At 420 lb I had two things that I could console myself with whenever I felt ridiculed about my weight. I had the control in the knowledge that I could somehow change my situation, and I had the vision in my head of what I would look like when I did that.  Those two things are what helped me get through nearly 25 years of different unhealthy levels of obesity between the ages and sizes eleven to thirty-two.  Now that was gone.  Prior to my thigh lift surgery in November, I wouldn’t wear a bathing suit because I was so embarrassed of my thighs and because with the skin hanging off them, weighing 165 lbs  there was no more change that I personally could evoke to improve the situation. No amount of exercise was going to make it better, losing more weight would only make it worse, there was no more control and no more hope and it was an emotionally defeating place for me to be living.

Setting aside the physical and emotional aspects there were the financial ones as well. Now I will say I had some complications after the first surgery, but pretty much my year went like this.

  • January – Move Heather here so I had someone to help take care of me after the surgeries.
  • February – Reconstructive Surgery #1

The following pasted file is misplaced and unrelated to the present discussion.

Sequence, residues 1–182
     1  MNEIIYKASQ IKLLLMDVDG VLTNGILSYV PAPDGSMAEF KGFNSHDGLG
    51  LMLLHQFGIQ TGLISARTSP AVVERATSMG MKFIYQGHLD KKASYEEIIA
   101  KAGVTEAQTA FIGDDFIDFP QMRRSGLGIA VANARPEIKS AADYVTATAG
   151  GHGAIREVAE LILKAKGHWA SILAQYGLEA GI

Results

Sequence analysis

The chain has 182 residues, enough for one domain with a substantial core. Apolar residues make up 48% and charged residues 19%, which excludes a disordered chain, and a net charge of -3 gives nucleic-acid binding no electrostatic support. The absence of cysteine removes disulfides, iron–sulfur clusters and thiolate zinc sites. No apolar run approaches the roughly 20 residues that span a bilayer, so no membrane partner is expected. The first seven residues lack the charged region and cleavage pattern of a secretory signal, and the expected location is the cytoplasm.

• March – Healing
  • April – Healing
  • May – Healing / Walked a Half Marathon
  • June – Healing waiting for Surgeons Release to move forward
  • July – Preparing & Submitting for next surgery
  • August – Reconstructive Surgery #2
  • September – Healing
  • October – Healing – Attended the OAC event and spent  1 month in CA with Family
  • November – Reconstructive Surgery #3
  • December – Healing

Now after the first surgery in February I had some complications that took a bit longer to heal from. But pretty much after each surgery for about 6 to 8 and sometimes even ten weeks I was pretty much a lump on a log healing unable to do much and definitely not working. I was very lucky, in that my insurance covered my surgeries thus allowing me to use a $22,500 loan I took out to pay for these surgeries to pay my portion of the first surgery and then, to live on throughout the year when I wasn’t working to keep the bills paid.